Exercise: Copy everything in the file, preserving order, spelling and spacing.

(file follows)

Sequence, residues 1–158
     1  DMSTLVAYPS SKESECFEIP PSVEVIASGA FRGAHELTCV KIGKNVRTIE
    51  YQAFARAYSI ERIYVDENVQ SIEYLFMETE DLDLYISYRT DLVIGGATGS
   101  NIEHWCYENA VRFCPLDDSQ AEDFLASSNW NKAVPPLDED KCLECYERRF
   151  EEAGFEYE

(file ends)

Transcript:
Sequence, residues 1–158
     1  DMSTLVAYPS SKESECFEIP PSVEVIASGA FRGAHELTCV KIGKNVRTIE
    51  YQAFARAYSI ERIYVDENVQ SIEYLFMETE DLDLYISYRT DLVIGGATGS
   101  NIEHWCYENA VRFCPLDDSQ AEDFLASSNW NKAVPPLDED KCLECYERRF
   151  EEAGFEYE